Jun. 10th, 2014

lizabelle: (Default)
In case the subject header doesn't tip you off, this post contains material that may be triggering for people in similar situations. Please read (or don't) with care.

June is MND Awareness Month, and this week the Motor Neurone Disease Association is encouraging carers to speak about their experiences. My dad died eleven years ago, finally losing a battle that lasted somewhere between six and ten years, depending on your perspective.

I can’t speak for my sisters or my mum – their experiences are not mine to appropriate. Nor can I speak for anyone else caring for a loved one who has MND. Every experience is subjective. So this is how it felt for me.

I remember the tears in my dad’s eyes when he told me, over lunch, that he had MND. “The doctor says I’ll be in a wheelchair in two years and dead in four.”

I can’t remember my reply. I was twenty-three, with no idea of how to deal with this. I probably said something trite, made an attempt to be reassuring. I’m sure I was no help to my dad.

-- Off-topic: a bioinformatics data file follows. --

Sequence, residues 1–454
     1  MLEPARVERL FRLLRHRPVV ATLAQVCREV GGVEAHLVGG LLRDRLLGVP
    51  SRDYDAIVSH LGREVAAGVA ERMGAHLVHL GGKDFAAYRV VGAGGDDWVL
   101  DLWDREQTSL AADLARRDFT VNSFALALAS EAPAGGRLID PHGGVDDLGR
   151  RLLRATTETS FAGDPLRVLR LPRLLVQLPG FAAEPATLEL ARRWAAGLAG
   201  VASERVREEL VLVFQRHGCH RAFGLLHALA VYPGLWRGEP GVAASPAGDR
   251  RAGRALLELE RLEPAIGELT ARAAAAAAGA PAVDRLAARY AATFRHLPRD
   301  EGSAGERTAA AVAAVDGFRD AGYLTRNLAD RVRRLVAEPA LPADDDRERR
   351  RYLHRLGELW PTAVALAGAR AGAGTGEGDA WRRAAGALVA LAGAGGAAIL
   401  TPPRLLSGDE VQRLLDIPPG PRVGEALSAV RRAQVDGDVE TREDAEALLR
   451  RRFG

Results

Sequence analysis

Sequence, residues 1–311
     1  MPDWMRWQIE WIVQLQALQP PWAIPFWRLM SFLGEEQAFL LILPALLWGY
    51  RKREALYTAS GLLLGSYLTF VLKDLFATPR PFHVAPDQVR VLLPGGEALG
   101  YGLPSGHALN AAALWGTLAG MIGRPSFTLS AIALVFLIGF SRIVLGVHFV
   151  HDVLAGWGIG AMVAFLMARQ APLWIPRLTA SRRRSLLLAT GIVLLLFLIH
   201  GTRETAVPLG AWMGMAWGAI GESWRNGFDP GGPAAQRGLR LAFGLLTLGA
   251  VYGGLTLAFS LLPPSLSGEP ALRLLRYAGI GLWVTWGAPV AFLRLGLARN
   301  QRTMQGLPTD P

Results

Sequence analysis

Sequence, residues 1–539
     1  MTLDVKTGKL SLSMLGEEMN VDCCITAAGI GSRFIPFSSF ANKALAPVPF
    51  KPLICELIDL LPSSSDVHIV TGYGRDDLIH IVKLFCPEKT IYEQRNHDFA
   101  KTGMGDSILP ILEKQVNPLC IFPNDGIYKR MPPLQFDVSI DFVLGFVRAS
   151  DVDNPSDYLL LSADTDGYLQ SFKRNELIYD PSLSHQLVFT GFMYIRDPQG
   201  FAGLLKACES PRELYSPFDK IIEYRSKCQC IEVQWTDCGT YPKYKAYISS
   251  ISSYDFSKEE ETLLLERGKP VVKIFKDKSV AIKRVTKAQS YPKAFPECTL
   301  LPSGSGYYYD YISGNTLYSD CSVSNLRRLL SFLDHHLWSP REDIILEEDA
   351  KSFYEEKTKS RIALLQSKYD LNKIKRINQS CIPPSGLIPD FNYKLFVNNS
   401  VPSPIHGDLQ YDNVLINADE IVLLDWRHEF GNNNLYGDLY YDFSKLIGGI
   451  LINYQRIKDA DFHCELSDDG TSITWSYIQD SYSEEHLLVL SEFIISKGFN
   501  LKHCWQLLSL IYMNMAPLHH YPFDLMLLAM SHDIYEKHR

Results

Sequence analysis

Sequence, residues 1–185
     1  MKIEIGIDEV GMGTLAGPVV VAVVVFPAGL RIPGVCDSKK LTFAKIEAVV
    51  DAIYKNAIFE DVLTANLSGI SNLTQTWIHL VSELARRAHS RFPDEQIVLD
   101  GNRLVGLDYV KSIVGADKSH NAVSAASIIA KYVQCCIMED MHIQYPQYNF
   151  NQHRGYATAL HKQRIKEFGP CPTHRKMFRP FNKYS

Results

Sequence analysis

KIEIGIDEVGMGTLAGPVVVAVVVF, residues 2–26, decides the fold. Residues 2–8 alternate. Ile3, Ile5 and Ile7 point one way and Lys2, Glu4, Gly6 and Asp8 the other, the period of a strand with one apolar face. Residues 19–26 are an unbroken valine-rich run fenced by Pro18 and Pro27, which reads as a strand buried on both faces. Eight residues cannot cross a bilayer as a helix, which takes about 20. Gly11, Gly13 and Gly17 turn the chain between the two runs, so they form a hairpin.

By this point he was already debilitated, although the disease was to a large extent invisible.

When he got home that day, my mum rang me. “Make sure he doesn’t walk so far next time,” she said. “He can’t do hills.”

My dad was a marathoner; less than a year previously he’d run the Great North Run (again – as a north-easterner, he ran it most years). Now he could barely walk up the hill from my parents’ house to the pub a couple of hundred metres away.

Cut for length: It was the late 1990s, the early days of the social internet. )

We did the best we could for him. It never feels like enough.

Me and Dad


lizabelle: (Default)

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